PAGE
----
Lookin' Into Gov. Rauner's Missing G's
Gov. Bruce Rauner's prescription for Illinois’ finances will finally be made known on Wednesday, when he gives his budget address. Legislators, state employees and social service agencies will no doubt pay close attention to what Rauner has to say. But after another big speech earlier this month made many go "gee," observers will also be listening for how he says it.
No matter your political persuasion -- love the new governor or hate him -- if you were listenin’ to his first State of the State address, you were sure to notice somethin’ about his delivery.
"Much of the reform agenda we're outlinin' today has been implemented in other states. The reforms are workin' so well in those states that they are causing us to become even less competitive. We must avoid slippin' even further behind other states," he said.
Just in case you missed it, here’s another chunk: “That means puttin' more resources directly into classrooms, reformin' the education bureaucracy."
No, you’re not imaginin’ it - Rauner, a Republican, kept skippin' the "g" at the end of "-ing" words (by Chicago Tribune columnist Eric Zorn's count, Rauner did it 51 percent of the time, dropping the "terminal g" 55 out of 107 times. Zorn wrote, "you'd think he was auditioning for the part of Sheriff Taylor in a Broadway revival of 'The Andy Griffith Show.' It was distracting ... ").
Observers used social media to joke about the 'overnor's apparent disdain for the letter g (and days later, Senators joked about it in a budget hearing, calling Rauner's budget director Tim Nuding "Tim Nudin' ").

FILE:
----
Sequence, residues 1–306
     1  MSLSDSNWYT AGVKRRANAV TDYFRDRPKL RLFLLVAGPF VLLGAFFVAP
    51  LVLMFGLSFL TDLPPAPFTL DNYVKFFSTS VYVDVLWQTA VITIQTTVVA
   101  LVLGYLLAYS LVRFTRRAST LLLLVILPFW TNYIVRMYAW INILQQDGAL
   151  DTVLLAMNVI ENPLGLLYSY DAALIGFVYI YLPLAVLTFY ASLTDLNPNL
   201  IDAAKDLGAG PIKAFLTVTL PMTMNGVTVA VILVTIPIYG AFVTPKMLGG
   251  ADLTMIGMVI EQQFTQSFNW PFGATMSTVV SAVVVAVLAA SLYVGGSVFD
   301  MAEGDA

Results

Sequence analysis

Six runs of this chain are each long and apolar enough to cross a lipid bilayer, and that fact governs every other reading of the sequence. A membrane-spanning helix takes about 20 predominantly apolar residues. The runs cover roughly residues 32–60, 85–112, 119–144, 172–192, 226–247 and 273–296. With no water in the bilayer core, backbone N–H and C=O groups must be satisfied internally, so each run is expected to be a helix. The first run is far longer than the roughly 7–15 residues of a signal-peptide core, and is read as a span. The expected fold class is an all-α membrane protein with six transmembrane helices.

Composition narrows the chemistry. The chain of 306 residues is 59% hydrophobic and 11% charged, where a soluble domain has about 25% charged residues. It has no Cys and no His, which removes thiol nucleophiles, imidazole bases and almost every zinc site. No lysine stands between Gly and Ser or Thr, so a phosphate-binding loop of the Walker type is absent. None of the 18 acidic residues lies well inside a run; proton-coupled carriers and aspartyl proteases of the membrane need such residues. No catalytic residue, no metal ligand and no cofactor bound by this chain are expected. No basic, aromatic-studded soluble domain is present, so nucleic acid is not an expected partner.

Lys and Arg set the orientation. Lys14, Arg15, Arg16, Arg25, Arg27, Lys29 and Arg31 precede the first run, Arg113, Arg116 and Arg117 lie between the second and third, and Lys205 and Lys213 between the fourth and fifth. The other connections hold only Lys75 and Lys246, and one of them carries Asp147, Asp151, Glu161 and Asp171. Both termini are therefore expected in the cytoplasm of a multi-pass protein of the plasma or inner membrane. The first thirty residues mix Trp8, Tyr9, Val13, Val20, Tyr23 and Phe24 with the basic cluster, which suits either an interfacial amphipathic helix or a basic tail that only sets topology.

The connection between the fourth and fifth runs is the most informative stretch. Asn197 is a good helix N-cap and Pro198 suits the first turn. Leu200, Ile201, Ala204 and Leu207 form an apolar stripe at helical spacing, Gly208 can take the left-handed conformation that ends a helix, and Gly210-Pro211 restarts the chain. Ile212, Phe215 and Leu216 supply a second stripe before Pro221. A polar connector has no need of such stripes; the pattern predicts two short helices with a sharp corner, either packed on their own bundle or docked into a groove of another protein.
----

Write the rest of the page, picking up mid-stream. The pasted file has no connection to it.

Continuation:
There was a lot of speculatin’ in the Capitol: was Bruce Rauner – a near-billionaire with an Ivy League education – talkin’ like this … on purpose?
The g’s were in the prepared version of the speech, which he read from a teleprompter.
Not content to let sleeping g’s rest, I decided to go back and listen to how Rauner sounded before he was a candidate.
You can find a few clips on YouTube of when in 2011, he went back to his alma mater, Dartmouth, to talk about the economy.
You have to listen carefully for phrases that deserve to be rated-G:
-"First a word of thanks, when I came to Dartmouth I was gonna major in biochemistry, and I was going to discover a cure for cancer -- you know, make no small plans ..."
-"...and then I took a class in money and banking…”
-" ... a lot of hiring."
-"spending a whole lot of time agonizing about that stuff and doin' 3-D models..."
-“we had a long time where unemployment was down to four percent, no inflation, and a pretty robust – a lot of hiring of unskilled workers, and a pretty thriving economy…”
-“… and I mostly decided everythin’ I was doin’ was baloney.”
As a panelist at that Dartmouth event, Rauner left the “g” off of some words, but not others.
Then, two years ago, Rauner was a guest on WTTW’s “Chicago Tonight.” He wasn’t yet running for governor, but he was thinkin’ about it.
WTTW Anchor Phil Ponce asked “is there … are there any particular changes that are troubling you right now, as you continue this – for want of a better word – sounds like a listening campaign?”
"Yes, it’s what I’m doing. I’m traveling and listening and learning,” Rauner responded.
“With every single -ing word that he said, he spoke it in the formal, appropriate standard way," Allan Metcalf observed. "He (Rauner) said, let’s see: exciting, thinking, consulting, occurring, coming together, exciting – he had exciting several times, traveling, listening, leaving, nothing, doing … every single opportunity the g was there. No dropping of g’s whatsoever.”
I had asked Metcalf to listen back to Rauner’s 2013 interview, and to compare it to this year's state of the state address.
Metcalf is qualified to do this sort of analysis: he's a professor at McMurray College in Jacksonville Illinois, an officer of the American Dialect Society, which studies American English, and he's written books on American English, including one called “Presidential Voices,” that traces the way presidents spoke. The book even has a chapter about what someone needs to sound like if they want to make a credible run for the nation’s highest office (somethin’ several pundits think Rauner’s got in his sights).